Chris Roberts, a cybersecurity expert and founder of a security intelligence company that identifies security breaches before hackers can exploit them, was detained for four hours and deprived of his IT equipment after a tweet on United Airlines Boeing 737/800’s security while being on board. The tweet, which was supposed to be a funny, harmless joke, did not amuse the guys from the Federal Bureau of Investigation, nor the United Airlines staff.
Yet, Roberts is well-known for his lack of diplomacy on spiky issues such as “cyber-insecurity” of airplanes. About a couple of weeks ago he told a news channel:
“We can still take planes out of the sky thanks to the flaws in the in-flight entertainment systems.”
He also said that those flaws could allow a malevolent person turn a plane’s engines off at an altitude of about 35,000 feet and not trigger the flashing lights in the cockpit.
Moreover, the day before the security expert posted his tweet while flying an United Airlines jet, the US General Accounting Office released a report which stated that it was highly probable for a plane to be brought down by on-board hackers.
A representative of the House Transportation and Infrastructure Committee who requested the federal investigation said that a hacker with a laptop could take over the airplane through the device’s Wi-Fi connection without anyone even noticing.
So, Roberts was not very inspired to launch an airline security joke amid so much tension which had been building up for weeks. But he tried to bring a valid excuse by telling reporters that he made that joke because he was frustrated that nothing ever got fixed.
Yet, his problems are far from over. This week he tried to use United Airlines to reach San Francisco where he was expected to attend a RSA security conference. But the company declined him admission.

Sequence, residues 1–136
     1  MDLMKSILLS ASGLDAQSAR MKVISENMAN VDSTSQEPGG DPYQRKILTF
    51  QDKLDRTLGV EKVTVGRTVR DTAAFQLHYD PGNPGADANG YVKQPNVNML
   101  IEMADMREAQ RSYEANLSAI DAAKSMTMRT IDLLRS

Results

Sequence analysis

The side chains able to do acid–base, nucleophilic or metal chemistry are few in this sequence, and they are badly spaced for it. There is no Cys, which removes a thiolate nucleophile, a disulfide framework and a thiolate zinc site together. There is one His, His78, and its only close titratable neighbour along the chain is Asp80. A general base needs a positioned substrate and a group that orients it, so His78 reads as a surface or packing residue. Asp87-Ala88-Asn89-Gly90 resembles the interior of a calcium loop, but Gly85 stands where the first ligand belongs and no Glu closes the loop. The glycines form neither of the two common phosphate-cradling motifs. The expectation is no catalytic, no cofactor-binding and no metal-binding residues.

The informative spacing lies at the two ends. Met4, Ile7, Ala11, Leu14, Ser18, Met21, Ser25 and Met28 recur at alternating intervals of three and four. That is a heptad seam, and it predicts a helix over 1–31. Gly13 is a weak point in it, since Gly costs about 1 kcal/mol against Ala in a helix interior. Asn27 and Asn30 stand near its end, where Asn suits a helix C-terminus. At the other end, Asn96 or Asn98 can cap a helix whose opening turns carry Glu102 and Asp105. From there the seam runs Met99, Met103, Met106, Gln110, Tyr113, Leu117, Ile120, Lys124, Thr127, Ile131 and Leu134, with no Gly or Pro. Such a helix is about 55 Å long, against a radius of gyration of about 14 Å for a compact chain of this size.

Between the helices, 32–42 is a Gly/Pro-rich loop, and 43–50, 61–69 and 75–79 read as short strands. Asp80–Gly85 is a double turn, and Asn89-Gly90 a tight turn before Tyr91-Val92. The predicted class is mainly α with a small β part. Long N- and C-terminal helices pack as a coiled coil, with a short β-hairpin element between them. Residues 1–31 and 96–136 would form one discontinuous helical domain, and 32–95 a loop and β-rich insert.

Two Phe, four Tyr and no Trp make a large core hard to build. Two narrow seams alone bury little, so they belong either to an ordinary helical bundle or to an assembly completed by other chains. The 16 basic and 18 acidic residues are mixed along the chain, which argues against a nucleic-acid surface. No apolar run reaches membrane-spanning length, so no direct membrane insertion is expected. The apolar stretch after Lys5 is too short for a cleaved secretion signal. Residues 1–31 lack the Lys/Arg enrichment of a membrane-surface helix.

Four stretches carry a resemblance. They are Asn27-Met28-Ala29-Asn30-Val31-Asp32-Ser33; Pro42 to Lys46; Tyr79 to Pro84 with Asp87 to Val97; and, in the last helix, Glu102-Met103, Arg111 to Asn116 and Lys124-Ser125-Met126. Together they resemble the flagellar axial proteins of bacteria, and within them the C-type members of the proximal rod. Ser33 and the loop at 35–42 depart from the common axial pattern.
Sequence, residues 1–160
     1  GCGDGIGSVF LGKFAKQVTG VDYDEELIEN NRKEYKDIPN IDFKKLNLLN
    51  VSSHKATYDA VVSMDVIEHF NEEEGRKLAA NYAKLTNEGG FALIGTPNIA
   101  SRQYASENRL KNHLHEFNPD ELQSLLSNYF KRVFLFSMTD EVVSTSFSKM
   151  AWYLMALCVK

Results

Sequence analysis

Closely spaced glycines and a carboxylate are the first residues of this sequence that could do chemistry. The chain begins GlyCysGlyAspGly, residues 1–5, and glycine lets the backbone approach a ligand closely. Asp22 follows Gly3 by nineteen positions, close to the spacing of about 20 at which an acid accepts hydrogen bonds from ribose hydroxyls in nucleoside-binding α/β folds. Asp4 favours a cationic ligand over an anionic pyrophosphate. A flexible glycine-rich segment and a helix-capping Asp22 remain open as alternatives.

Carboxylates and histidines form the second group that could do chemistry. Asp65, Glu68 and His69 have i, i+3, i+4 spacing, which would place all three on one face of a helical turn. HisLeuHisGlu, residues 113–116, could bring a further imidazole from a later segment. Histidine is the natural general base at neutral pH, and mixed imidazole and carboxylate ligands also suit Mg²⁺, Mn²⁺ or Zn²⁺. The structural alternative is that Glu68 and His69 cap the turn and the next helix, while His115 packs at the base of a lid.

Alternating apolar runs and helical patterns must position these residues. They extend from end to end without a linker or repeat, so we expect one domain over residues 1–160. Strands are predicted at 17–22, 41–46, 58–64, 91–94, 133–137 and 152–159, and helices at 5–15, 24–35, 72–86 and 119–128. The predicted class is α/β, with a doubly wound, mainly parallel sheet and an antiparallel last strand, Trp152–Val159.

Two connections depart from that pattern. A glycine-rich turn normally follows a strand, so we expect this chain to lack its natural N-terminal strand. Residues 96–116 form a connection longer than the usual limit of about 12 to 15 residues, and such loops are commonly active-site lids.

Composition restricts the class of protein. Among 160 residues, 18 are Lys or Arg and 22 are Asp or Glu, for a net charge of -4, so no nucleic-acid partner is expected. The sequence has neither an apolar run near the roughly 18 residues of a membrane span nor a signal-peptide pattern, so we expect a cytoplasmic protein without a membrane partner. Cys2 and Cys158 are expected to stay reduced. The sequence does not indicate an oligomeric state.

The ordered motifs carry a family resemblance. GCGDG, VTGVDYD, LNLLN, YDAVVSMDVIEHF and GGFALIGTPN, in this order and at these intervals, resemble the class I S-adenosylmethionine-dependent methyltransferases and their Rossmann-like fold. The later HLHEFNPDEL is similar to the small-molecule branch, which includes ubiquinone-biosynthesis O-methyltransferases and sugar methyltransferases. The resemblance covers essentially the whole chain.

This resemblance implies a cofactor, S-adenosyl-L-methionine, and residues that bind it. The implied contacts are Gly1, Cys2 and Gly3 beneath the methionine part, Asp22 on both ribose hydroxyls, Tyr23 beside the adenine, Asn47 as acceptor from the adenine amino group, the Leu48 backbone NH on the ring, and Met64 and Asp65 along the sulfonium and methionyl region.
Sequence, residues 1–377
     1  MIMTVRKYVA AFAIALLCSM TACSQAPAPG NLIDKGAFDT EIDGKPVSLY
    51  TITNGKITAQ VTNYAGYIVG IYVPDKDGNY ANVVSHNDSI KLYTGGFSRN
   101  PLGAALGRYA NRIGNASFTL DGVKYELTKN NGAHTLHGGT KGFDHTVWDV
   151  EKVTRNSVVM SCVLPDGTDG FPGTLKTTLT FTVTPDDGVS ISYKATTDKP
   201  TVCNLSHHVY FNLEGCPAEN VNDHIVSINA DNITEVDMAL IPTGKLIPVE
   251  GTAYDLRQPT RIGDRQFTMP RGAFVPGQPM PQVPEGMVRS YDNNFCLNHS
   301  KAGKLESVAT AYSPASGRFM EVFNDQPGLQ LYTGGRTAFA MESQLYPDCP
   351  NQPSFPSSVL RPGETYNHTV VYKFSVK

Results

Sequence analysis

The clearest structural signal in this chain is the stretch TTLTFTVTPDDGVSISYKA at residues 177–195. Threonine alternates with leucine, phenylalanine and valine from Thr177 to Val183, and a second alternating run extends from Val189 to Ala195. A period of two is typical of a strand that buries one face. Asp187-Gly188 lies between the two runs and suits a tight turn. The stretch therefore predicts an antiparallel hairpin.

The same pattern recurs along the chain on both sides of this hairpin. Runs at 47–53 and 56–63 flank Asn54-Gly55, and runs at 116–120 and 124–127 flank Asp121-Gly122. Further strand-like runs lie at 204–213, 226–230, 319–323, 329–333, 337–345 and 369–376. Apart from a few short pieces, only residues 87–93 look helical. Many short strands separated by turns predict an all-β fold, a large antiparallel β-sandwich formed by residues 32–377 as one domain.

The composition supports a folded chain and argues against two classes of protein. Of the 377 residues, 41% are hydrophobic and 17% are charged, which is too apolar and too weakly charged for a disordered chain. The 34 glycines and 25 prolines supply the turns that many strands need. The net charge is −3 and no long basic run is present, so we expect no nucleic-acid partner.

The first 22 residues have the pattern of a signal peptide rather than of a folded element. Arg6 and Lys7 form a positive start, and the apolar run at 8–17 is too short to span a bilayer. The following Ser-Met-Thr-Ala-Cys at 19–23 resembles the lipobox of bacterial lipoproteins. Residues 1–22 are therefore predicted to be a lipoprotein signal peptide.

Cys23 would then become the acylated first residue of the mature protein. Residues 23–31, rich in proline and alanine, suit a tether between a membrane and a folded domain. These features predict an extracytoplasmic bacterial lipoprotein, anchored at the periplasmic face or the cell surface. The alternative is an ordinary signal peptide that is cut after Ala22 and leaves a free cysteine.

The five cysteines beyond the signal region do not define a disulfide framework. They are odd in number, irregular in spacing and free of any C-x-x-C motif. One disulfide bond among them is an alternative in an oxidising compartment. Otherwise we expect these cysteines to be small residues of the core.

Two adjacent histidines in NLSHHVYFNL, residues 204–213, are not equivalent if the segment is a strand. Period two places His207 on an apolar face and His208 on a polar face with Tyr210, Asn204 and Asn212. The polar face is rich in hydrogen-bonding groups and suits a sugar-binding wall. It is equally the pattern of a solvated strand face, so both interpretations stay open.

Later that day, a spokesperson for the United Airlines explained that Roberts remarks that aircraft systems could be manipulated by hackers were false and harmed the company’s reliability among its customers and staff. The spokesperson also said that it was in the best interest of the airline’s crew members and customers not to allow Roberts to fly United Airlines.
However, Roberts made it to the conference, where he will deliver a speech on transport security issues Thursday, by using SouthWest Airlines.
On the other hand, other cybersecurity firms and organizations defended Roberts. An attorney for the Electronic Frontier Foundation wrote in an e-mail that Roberts’ job of finding network vulnerabilities which later could get fixed should not be hindered. The lawyer also argued that companies should view people like Roberts as allies that could help them fix stuff, rather than enemies.
Nevertheless, Roberts’ joke was far from being appropriate. Although no one could suspect him of terrorist intents, his tweet from a plane suggesting that it could be hacked by on-board hackers was just as bad as shouting “fire” in a crowded film theater.
All the more, this joke comes roughly a month later after a German pilot deliberately crashed an Airbus into the French Alps killing all 150 passengers and crew members.
Image Source: YouTube